Let’s be honest, no television show or film will ever be able to totally capture the drama and dedication the Navy SEALs bring to their missions. Having said that, the January 18-debuting Six does a pretty good job of putting you at the center of the action Stateside for America’s elite warriors as they and their families deal with the ups, downs and consequences of such a vocation.
Which means, as I say in my video review above, that for all the blood, bravery and bullets in Six, it is those battles and home fires that show something new in this History series created by William and David Broyles.
“Inspired” by real SEAL missions and with the opening episodes directed by Homeland alum Lesli Linka Glatter, Six starts off with a 2014 Afghanistan firefight, a suicide bomber and a very soulful Walton Goggins as troop leader. An assault on a girls school two years later in Nigeria finds the Justified alum now a burnt-out private security employee captured by Boko Harem and his somewhat divided band of brothers heading halfway around the world to rescue him, his corporate bosses, the girls and their teachers.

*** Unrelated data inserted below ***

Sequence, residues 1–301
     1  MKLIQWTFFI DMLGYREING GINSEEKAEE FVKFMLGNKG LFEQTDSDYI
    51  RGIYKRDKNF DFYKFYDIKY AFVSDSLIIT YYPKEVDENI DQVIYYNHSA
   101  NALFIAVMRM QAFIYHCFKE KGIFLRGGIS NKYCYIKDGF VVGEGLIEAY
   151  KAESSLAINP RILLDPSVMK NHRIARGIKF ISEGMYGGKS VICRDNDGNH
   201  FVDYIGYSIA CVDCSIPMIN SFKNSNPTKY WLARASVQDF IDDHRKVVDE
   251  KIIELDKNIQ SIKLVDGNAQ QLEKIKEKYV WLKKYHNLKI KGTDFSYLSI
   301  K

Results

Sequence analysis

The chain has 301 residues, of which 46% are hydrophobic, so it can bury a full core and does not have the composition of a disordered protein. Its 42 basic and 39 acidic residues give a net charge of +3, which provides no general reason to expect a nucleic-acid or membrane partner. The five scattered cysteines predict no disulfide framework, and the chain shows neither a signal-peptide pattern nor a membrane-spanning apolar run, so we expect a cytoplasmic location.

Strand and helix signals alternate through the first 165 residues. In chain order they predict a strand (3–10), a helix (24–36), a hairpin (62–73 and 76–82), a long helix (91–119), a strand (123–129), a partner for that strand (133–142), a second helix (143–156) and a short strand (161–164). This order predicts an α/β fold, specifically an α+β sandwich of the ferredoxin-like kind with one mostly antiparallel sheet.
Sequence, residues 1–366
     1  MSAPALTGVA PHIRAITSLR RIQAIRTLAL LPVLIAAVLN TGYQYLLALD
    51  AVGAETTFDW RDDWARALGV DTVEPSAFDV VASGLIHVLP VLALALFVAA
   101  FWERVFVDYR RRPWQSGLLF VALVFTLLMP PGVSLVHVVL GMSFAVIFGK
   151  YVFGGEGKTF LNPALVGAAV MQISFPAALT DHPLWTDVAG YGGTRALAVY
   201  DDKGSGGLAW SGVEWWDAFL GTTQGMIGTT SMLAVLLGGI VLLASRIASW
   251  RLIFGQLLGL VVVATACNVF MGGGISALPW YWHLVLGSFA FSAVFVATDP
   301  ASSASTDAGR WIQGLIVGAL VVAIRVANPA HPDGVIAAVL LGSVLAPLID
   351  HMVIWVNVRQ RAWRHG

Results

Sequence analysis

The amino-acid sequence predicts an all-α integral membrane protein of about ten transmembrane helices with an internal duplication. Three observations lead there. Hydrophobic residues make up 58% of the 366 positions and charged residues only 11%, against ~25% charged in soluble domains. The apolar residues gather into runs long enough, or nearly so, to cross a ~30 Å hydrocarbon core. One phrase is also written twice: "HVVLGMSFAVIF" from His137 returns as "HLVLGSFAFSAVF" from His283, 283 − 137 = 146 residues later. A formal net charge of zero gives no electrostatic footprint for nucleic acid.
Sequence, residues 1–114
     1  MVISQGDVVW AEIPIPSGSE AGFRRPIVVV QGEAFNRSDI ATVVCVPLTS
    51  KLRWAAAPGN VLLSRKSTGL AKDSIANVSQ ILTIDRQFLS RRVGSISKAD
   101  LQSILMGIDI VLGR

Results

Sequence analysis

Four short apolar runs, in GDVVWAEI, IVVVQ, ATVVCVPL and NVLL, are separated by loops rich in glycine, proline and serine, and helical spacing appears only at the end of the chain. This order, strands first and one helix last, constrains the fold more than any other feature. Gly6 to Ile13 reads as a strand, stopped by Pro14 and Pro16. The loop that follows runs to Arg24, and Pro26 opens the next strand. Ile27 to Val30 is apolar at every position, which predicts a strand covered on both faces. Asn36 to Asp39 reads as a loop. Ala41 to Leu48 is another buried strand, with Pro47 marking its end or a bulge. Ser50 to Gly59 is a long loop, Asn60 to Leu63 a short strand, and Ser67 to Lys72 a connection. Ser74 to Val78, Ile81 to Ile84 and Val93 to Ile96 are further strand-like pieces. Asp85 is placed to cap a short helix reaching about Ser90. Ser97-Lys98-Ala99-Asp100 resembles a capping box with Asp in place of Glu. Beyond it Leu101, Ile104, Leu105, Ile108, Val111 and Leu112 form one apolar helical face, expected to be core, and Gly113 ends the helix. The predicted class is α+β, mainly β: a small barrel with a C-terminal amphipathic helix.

However, unlike the almost all-action Jason Momoa series Frontier that premieres on Netflix on January 20, Six has a deep shade of nuance on the home front. That added dimension comes from the performances of Brianne Davis as the wife of Barry Sloane’s torn-up Bear Graves, and My Name Is Earl alum Nadine Velazquez as the frustrated spouse of Buddha Ortiz, played by Narcos‘ Juan Pablo Raba. Velazquez is a woman who wants her man out of the service for his own safety and their family’s financial security.
You can see more of what I think of the series executive produced by Harvey Weinstein, Bob Weinstein, David Glasser, Nicolas Chartier, Alfredo Barrios Jr, George W. Perkins, Bruce C. McKenna, Glatter and William Broyles in my video review, but remember it is the home fires that burn brightest here.